Curb Screen Time, Encourage Your Toddler or Preschooler’s Development

“Screen time” might be the two most guilt-inducing words for parents today especially as tablets and smart phones offer instant distraction for young children.

But let’s face it–sometimes a parent needs to take a shower, enjoy a few moments of conversation with a friend or drive somewhere without constant interruptions. However, when the fifteen minutes turns into several hours a day, it might be time to look at other activities designed to stimulate your child’s fine motor, language and social skills.

Two moms with young children, Brittany Puchbauer, speech language pathologist, and Mallory Scroggins, occupational therapist, both with Memorial Medical Center Outpatient Rehabilitation, understand screen temptation.

“Technology breeds convenience and ease, but there are also consequences,” Scroggins said. “Our kids’ skills develop through play–using their hands to touch and feel different things. Don’t limit those opportunities, or you will limit the development of their fine motor skills.”

Here are some of their suggestions for alternative activities:

  • Use tactile mediums: the messier, the better. Sand, water beads, Play-Doh or moon sand.
  • String spaghetti noodles, pipe cleaners or straws. Double up with snack time and string cereals like Cheerios or Froot Loops.
  • Drop cotton balls down a toilet paper or paper towel roll. Count how many.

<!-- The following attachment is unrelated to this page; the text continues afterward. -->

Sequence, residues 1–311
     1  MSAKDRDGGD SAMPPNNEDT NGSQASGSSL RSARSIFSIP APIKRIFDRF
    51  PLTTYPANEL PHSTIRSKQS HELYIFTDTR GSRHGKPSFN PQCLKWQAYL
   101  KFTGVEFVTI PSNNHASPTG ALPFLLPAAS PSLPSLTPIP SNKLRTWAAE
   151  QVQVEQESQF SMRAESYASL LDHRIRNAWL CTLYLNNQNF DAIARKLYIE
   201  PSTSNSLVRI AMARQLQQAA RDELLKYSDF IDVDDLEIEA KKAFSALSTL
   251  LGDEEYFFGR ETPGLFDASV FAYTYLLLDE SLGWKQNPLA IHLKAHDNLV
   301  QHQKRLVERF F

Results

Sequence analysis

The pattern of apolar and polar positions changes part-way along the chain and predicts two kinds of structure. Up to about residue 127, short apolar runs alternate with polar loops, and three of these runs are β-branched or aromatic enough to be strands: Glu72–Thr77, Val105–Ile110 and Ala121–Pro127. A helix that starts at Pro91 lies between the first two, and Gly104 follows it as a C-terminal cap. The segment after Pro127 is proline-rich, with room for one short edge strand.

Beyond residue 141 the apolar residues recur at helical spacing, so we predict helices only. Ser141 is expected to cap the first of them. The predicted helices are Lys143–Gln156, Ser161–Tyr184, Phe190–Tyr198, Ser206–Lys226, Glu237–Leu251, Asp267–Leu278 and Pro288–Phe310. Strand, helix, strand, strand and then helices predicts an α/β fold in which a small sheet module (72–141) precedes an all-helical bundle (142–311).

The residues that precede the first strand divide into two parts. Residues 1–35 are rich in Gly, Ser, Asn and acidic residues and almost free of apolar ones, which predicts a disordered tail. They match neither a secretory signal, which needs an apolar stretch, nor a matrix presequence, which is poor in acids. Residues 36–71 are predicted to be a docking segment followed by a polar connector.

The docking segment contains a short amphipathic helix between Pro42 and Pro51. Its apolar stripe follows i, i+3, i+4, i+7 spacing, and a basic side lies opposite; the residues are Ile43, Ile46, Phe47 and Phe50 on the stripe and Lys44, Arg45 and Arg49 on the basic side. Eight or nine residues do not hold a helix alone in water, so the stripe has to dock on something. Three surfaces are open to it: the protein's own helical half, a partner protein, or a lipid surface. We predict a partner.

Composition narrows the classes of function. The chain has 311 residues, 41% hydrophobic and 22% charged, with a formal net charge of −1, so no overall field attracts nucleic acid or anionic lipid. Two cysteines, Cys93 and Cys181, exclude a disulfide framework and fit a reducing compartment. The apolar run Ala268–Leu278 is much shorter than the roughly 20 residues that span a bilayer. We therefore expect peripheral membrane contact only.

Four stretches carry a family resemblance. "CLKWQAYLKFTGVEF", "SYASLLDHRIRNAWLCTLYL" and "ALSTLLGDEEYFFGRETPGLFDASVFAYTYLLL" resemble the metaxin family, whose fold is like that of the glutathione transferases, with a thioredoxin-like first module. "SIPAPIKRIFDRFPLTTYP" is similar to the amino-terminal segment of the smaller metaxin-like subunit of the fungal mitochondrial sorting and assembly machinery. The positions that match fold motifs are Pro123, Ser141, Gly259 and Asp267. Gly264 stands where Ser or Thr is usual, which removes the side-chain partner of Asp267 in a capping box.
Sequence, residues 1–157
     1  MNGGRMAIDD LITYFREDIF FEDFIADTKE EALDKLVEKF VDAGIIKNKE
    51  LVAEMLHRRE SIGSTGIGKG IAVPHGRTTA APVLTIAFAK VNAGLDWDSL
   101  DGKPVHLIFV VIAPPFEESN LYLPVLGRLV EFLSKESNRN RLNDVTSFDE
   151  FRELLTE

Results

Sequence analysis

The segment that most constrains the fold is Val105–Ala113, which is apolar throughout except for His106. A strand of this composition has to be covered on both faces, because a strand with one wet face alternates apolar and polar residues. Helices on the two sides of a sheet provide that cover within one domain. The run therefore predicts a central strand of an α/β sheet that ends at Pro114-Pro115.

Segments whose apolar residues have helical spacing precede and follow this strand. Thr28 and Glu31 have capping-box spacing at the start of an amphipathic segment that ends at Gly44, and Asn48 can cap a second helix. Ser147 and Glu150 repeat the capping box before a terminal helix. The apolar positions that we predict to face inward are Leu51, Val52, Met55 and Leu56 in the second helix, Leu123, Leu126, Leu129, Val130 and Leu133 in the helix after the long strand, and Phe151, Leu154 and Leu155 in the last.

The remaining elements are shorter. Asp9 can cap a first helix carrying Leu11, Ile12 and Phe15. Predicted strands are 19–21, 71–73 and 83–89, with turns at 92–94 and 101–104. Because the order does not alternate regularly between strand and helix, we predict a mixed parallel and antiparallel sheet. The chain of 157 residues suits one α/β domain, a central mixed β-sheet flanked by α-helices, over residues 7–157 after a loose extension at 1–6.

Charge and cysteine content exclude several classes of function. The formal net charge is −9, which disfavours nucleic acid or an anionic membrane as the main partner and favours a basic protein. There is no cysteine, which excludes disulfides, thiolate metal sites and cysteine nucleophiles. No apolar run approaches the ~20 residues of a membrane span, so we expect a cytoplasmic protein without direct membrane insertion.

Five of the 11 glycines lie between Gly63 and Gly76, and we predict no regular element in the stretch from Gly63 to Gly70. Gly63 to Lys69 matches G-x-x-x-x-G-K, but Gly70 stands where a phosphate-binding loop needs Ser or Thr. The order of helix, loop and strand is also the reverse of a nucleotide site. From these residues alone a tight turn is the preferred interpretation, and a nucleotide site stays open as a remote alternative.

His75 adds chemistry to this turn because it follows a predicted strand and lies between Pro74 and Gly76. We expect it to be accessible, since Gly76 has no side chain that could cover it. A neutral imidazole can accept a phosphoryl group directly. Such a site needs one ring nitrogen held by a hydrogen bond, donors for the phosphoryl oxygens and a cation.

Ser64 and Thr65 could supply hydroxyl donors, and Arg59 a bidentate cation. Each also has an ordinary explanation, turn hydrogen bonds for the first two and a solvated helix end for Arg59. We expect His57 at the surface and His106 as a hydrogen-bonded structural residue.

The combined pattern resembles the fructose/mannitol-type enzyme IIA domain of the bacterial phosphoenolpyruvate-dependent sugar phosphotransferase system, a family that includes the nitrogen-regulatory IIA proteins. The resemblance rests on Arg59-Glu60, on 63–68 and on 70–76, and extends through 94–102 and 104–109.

• Tear or wad up different sizes of paper, tissue, foil or newspaper.
  • Play with tape.
  • Use tongs or tweezers to practice picking up fuzzy balls and putting them into a container.
  • For preschool and kindergarten-age children, use scissors to cut paper into basic shapes like circles, squares and triangles.
  • Encourage pretend play–the more the better.

“Imagination is dying,” Puchbauer said. “Being able to understand that an empty paper towel roll can be a microphone or a magic wand develops higher level language and understanding. You can’t teach kids to pretend on a tablet. It is just not as abstract as playing ‘pretend.’”

Brittany Puchbauer, MS, CCC-SLP, is a speech language pathologist at Kids at Koke Mill Pediatric Rehabilitation Services and has worked for Memorial for nine years.

Mallory Scroggins, MOT, OTR/L, is an occupational therapist at Kids at Koke Mill Pediatric Rehabilitation Services and has worked at Memorial for six years.

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